Connecticut Wildlife Rehabilitators Association
Dedicated to the Preservation of Wildlife
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Photo Credit: Deborah Galle Courtesy of Wildlife In Crisis
Photo Credit: Deborah Galle Courtesy of Wildlife In Crisis
Click here to be directed to the Department of Energy and Environmental Protection (DEEP) Distressed Wildlife site.

Find A Rehabilitator

Is the Animal Really an Orphan?

Seeing a baby wild animal alone does not mean the animal is orphaned. For example, wild rabbits and deer often stay away from their young for long periods of time.  Click here to find out if the animal you’re seeing is orphaned, injured or perfectly fine.

You should know that a baby wild animal’s  best chance of survival is to be raised by its own parent(s), since the parents teach their young vital survival skills. This is why our first priority is to see if a seemingly orphaned baby can be reunited with its parents, rather than automatically taken to a rehabilitator.

If you have found an injured, orphaned or ill animal or bird, please contact a Wildlife Rehabilitator as soon as possible.

Click here to be directed to the Department of Energy and Environmental Protection (DEEP) Distressed Wildlife site.

Scroll down on the DEEP page until you see a list of animals. Click on the appropriate link and you will be directed to list of state-appointed Wildlife Rehabilitators in Connecticut , for that species. Select the rehabilitator closest to you.

What You Need To Know When Rescuing Wildlife

Safety is the first priority…for you, your pets and for wildlife.

Contact a permitted Wildlife Rehabilitator as soon as possible.

Keep handling to a minimum, always wear gloves, and avoid direct contact with baby animals such as raccoons, foxes, skunks, bats, as these are considered rabies vector species (RVS). Only someone vaccinated against the rabies virus should handle these animals.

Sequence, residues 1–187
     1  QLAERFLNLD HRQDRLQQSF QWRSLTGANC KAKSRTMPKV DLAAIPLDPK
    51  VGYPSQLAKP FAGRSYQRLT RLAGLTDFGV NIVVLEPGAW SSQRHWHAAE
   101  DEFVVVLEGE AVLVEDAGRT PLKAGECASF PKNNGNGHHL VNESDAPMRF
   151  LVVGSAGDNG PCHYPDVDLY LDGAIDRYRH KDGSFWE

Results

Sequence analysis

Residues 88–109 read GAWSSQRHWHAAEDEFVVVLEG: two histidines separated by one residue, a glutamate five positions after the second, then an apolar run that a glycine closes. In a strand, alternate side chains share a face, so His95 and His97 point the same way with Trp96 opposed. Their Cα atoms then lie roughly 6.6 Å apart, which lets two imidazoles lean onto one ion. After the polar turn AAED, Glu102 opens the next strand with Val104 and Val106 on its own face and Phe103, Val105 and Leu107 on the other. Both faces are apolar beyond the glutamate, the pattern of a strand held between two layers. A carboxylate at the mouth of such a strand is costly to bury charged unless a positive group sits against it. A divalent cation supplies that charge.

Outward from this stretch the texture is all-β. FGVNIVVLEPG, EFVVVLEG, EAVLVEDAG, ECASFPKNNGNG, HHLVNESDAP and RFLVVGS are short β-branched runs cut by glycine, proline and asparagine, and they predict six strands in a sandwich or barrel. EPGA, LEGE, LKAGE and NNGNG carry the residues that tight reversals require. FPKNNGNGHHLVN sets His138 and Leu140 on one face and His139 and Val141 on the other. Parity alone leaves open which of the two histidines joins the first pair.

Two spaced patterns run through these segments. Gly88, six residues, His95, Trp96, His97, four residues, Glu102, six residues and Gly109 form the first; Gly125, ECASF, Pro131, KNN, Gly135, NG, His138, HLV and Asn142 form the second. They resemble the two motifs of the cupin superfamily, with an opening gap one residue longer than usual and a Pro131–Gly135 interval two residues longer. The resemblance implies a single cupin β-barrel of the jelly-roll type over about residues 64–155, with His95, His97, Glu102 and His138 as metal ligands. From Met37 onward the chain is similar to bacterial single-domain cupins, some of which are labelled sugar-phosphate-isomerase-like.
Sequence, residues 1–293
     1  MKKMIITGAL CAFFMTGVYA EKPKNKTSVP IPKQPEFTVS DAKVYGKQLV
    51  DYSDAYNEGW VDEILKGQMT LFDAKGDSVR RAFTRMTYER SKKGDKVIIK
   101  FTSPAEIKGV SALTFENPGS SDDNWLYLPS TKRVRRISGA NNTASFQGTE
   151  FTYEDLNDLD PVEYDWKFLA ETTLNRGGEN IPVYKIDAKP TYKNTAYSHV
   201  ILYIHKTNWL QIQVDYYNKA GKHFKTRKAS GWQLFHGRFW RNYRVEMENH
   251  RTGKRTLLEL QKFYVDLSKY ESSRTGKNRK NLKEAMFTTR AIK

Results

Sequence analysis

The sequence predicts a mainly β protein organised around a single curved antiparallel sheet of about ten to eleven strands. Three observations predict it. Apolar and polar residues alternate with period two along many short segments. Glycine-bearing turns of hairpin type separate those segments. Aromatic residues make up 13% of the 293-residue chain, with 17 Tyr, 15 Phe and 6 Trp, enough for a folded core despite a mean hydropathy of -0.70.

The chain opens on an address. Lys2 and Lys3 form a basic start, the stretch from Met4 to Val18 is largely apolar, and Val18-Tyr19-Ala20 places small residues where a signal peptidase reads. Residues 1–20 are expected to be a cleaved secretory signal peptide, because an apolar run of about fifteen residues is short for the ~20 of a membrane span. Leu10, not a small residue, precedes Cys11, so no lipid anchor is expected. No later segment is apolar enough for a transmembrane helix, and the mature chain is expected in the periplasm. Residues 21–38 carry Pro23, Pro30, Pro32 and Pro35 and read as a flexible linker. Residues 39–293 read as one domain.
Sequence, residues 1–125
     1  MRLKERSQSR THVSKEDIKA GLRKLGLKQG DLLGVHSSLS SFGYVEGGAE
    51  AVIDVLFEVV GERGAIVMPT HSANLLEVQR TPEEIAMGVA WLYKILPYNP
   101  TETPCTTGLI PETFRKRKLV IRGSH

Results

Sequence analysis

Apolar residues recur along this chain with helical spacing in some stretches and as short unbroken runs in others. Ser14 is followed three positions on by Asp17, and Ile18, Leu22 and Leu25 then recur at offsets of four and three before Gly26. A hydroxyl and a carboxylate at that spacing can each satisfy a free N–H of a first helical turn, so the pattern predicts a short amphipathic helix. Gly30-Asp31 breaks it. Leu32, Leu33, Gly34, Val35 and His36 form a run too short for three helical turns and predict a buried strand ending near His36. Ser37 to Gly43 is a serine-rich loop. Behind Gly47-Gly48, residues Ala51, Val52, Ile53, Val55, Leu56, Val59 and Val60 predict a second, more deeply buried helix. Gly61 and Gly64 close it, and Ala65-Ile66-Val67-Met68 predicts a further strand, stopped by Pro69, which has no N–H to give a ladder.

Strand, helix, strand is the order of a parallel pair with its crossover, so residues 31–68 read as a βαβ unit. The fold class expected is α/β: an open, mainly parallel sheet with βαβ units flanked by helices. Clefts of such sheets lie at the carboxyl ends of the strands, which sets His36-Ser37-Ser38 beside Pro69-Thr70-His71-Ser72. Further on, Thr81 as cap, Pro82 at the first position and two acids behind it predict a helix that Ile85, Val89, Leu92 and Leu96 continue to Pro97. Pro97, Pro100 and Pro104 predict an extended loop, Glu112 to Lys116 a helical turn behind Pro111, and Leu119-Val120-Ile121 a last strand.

If you must remove the animal from immediate danger, wearing gloves, gently place the animal in a box with fleece, a tee shirt or sweatshirt, in a warm safe, quiet place (away from household pets). Be sure the animal can breathe in the enclosure (punch holes in a box), but cannot escape (the enclosure needs a cover). The animal is traumatized and needs to feel as secure as possible.

Baby animals need to be kept warm. A heating pad set to the low temperature placed under the box containing the animal, chemical hand warmers or a warmed bag of rice wrapped in fleece and placed next to the fleece the animal is cuddled in, can help to keep the animal warm. The heat source cannot be hot, nor can it be placed against the animal’s fur or skin, because this can burn the animal and cause additional harm.

Never feed the baby animal. Feeding an injured, traumatized, cold animal can cause additional harm and sometimes death to that animal.
Dealing with Distressed Bears, Bobcats, or Coyotes

CT law prohibits possession of these animals. Successful rehabilitation and release of bears, bobcats or coyotes is  difficult. If one is found, contact the DEEP-Wildlife Division at 860.424.3011. The situation will be assessed and in some instances, arrangements will be made to place the animal with a specialized rehabilitator in another state.
Black Bear Fact Sheet  
Bobcat Fact Sheet
Coyote Fact Sheet